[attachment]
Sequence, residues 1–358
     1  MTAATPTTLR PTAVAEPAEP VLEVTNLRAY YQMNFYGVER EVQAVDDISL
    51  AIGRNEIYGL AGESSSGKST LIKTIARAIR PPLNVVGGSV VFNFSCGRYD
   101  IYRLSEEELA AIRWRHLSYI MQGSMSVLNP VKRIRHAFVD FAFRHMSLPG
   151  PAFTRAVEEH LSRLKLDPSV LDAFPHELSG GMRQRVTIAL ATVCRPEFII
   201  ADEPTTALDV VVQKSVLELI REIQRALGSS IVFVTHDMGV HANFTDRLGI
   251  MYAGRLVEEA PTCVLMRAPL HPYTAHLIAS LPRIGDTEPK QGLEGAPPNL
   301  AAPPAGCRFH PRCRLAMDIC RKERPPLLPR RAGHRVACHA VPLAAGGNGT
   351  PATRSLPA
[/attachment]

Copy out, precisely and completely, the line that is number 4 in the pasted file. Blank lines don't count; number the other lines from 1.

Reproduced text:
   101  IYRLSEEELA AIRWRHLSYI MQGSMSVLNP VKRIRHAFVD FAFRHMSLPG